Turners Falls High School - Peske Tuk Yearbook (Turners Falls, MA)

 - Class of 1946

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Turners Falls High School - Peske Tuk Yearbook (Turners Falls, MA) online yearbook collection, 1946 Edition, Cover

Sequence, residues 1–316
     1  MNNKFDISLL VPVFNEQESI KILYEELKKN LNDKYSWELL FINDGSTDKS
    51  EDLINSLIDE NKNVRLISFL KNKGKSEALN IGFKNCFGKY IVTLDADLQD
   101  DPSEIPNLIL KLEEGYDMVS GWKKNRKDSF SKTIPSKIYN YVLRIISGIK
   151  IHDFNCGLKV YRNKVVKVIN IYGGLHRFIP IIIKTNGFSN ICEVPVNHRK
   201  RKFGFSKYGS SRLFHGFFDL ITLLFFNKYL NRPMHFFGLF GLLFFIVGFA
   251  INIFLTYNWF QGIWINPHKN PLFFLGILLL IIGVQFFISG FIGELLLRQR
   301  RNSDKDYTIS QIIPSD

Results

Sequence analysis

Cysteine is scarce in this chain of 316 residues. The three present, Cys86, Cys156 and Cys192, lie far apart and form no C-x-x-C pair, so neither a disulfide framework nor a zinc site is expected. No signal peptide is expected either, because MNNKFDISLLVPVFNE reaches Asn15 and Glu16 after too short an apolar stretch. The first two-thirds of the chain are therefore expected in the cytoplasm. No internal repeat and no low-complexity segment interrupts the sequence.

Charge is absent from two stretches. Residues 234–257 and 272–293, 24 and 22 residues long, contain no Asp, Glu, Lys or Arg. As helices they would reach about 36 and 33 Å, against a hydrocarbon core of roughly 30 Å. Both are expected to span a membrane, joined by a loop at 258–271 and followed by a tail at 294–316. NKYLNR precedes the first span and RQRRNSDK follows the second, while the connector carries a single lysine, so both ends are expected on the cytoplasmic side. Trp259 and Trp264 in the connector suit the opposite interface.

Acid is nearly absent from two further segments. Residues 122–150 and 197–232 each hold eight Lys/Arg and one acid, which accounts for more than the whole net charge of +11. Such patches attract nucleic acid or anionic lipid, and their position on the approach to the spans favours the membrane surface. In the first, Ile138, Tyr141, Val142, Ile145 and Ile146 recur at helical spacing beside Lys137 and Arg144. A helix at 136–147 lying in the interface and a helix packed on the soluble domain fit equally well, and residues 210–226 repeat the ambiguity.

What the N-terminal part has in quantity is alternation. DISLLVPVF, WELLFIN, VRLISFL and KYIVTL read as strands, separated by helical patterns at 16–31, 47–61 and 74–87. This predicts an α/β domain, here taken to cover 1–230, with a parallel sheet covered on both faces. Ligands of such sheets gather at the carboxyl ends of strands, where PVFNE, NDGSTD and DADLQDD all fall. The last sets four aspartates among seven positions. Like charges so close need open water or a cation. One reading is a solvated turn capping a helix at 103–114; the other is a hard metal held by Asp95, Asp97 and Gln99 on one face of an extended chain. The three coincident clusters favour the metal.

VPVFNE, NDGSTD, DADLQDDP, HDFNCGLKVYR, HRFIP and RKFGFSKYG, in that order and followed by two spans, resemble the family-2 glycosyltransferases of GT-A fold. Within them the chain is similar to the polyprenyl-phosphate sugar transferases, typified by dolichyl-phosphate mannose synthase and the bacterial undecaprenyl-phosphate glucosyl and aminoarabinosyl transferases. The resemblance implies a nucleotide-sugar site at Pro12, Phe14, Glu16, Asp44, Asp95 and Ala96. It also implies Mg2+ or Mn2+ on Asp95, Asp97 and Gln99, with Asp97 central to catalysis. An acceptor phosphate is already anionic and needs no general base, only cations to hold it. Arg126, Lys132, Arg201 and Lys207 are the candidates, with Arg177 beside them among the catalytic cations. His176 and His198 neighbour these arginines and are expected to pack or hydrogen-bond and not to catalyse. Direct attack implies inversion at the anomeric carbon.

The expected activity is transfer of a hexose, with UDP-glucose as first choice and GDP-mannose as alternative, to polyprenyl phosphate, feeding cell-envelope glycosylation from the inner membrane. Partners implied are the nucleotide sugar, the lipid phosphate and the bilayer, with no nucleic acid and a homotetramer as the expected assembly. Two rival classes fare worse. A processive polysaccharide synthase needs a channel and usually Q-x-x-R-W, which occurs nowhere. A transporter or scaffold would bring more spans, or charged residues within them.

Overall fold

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Text from Pages 1 - 108 of the 1946 volume: